It's nearly dark outside (yes, it's taken me all this time to get my cold-sodden brain round The Wasteland, for tomorrow's seminar) and out in the street a blackbird is singing. Not the full song that's like the trickle of spring water on stone, but the chink-chink-chink alarm call. It's such an evocative noise: for me it's a London sound that evokes layers of childhood, specificities of light and scent that I can't begin to write, but I think many people would find it had a very particular resonance, metaphorically speaking. Just not the same resonance.
And thinking that, I was reminded of the one time I've been asked to read a film script for a friend. Yes, the questions of structure and narrative were not dissimilar, but where was everything else I would put in a novel? Subtext, thoughts, patterns of ideas and images (in the literary sense). Some, of course, is supplied by director, actors, director of photography. But there's so much that film simply has no way of showing. Human consciousness, for a start: without making a character say it, how could a film show what that blackbird evoked for them? Yes, of course, there are things that can be done with montage, flash-back and so on. But in a novel you don't have to resort to specific techniques outside the normal narrative flow: what characters are thinking and feeling is all part of the same forward-movement of the prose, the stream of that human consciousness.
I'm not trying to be rude about film as a medium or an art form: there are all sorts of things it can do that prose can't easily. Because I tend to 'see' scenes before I write them, I've often thought of a joke or a point I could make, then realised it's purely visual, and would take longer to explain - feebly - in words than the point is worth. But prose and poetry are the only art forms which have no sensory content in themselves. Paintings (including abstract ones) evoke images, but the colour and texture of the paint is part of them; songs have words which say things, but some of what they do is about sounds that strike our ears there, in the concert-hall or the club. This immediate physical experience the artist can control, as she or he can't control what the work of art makes the audience think. But a book is just paper and ink under the fingers.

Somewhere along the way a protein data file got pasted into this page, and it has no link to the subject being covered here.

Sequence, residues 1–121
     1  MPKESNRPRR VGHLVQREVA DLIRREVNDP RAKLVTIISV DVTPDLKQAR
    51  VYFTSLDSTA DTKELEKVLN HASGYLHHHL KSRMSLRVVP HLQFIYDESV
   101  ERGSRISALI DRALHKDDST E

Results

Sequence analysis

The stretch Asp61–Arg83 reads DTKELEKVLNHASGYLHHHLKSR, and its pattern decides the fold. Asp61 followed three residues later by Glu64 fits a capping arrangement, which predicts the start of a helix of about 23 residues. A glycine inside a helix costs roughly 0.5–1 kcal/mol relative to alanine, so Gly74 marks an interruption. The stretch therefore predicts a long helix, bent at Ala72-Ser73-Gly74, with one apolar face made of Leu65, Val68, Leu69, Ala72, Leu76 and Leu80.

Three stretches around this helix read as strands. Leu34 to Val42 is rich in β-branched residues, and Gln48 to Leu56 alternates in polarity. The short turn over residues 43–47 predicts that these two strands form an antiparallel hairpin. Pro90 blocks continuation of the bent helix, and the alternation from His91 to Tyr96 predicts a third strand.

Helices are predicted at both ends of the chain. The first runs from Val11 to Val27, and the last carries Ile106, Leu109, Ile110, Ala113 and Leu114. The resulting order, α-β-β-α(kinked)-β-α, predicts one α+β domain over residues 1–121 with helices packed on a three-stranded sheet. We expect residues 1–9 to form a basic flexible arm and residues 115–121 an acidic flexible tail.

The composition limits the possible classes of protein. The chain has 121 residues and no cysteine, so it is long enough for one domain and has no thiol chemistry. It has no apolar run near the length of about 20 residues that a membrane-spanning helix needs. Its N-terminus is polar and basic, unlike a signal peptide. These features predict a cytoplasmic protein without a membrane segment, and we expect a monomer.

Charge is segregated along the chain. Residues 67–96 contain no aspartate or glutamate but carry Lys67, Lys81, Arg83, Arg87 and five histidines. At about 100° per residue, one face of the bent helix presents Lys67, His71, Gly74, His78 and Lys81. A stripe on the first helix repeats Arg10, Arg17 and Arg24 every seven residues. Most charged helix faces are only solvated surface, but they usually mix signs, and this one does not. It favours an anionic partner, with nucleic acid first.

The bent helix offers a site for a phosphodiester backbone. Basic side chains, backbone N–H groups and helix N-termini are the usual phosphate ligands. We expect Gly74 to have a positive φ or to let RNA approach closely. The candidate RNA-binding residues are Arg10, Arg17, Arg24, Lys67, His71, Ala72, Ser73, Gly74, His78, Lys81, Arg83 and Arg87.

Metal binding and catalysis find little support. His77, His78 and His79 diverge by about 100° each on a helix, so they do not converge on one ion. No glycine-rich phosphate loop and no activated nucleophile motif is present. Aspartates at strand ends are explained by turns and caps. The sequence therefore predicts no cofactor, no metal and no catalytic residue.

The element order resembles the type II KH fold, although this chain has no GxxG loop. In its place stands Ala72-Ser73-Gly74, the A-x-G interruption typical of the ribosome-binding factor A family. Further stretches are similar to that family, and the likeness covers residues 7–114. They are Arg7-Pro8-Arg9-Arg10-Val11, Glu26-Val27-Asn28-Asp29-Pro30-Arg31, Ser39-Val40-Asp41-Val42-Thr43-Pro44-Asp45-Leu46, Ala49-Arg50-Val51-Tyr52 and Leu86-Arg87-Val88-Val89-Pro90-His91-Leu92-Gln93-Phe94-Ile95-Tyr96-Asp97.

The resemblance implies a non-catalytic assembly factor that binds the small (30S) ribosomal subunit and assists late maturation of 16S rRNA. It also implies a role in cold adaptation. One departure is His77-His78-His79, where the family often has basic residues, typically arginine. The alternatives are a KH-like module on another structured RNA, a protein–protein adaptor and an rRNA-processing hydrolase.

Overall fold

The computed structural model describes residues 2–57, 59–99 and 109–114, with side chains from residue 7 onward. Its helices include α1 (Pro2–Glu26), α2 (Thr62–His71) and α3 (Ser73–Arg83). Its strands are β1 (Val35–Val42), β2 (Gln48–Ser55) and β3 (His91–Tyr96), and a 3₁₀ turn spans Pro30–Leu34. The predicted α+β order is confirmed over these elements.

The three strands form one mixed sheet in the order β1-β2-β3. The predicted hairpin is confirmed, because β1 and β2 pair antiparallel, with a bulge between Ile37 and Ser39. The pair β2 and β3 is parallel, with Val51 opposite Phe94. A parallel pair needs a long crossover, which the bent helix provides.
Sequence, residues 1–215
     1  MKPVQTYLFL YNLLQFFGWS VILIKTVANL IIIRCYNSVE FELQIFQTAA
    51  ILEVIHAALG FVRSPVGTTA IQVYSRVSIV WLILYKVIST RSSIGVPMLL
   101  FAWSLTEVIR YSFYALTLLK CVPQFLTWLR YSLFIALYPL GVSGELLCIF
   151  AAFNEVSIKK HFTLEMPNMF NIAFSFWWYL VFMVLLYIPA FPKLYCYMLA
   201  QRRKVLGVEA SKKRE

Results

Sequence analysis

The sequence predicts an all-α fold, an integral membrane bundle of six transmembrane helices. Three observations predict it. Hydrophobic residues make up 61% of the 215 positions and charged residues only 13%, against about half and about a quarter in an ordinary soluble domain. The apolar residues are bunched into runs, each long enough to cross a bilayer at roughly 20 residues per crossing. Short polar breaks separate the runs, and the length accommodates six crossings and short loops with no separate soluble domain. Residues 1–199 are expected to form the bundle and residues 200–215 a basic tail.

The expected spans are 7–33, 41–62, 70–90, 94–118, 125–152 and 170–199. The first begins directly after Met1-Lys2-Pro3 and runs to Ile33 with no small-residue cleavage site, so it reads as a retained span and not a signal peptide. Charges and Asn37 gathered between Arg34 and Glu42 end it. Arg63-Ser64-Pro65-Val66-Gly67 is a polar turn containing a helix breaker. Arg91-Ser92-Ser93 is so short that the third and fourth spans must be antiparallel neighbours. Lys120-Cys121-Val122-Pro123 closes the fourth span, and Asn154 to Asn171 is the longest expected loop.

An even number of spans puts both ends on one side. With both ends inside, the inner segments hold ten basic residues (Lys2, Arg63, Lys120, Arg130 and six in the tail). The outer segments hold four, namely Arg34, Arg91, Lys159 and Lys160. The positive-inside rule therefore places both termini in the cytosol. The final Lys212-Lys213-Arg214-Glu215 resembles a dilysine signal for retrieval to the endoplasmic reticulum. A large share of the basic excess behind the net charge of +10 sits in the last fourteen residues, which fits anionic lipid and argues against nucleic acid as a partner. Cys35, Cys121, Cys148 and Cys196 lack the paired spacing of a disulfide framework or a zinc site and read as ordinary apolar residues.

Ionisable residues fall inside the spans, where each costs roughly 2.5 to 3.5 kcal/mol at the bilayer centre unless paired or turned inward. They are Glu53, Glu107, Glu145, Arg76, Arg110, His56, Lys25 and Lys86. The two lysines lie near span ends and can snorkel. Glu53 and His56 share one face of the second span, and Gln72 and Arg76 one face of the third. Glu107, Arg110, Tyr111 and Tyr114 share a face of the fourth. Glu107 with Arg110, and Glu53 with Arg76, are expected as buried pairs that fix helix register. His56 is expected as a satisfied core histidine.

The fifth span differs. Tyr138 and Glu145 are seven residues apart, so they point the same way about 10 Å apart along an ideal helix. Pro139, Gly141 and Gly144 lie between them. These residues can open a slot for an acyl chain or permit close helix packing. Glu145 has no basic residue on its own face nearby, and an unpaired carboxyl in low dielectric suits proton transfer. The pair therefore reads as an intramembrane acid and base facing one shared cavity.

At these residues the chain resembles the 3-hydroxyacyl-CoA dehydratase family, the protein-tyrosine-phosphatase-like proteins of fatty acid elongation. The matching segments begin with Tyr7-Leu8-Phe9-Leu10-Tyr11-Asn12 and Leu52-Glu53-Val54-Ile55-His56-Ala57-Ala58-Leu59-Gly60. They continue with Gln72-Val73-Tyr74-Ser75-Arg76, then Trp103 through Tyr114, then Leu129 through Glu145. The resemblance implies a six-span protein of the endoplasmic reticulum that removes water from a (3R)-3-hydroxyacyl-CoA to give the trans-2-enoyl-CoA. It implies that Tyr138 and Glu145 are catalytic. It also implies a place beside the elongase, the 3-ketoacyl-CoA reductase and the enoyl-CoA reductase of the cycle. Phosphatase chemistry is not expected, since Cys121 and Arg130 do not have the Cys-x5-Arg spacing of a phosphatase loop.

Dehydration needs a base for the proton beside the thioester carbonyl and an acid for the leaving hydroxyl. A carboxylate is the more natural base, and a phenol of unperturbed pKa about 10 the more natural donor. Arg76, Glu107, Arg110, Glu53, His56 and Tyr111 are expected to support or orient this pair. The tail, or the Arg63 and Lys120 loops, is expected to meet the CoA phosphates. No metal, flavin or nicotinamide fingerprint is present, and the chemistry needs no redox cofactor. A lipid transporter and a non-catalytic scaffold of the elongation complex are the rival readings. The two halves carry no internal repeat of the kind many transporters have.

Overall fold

So I'm wondering if the less tied a narrative art is to the realistically visual, and the sensory experience of the moment, the more free it is to expand its audience's experience in different directions. CGI is a wonderful thing, but am I the only person who finds most special effects faintly plastic-looking, begging for a kind of knowing wonder not so different from how we look at Tinkerbell on her wires? Whereas with a bare stage and a few props good actors can travel the world before our eyes. And, with even less physical presence, there's nowhere a novel can't take its readers. Only, of course, where the readers go may not be where the writer intended.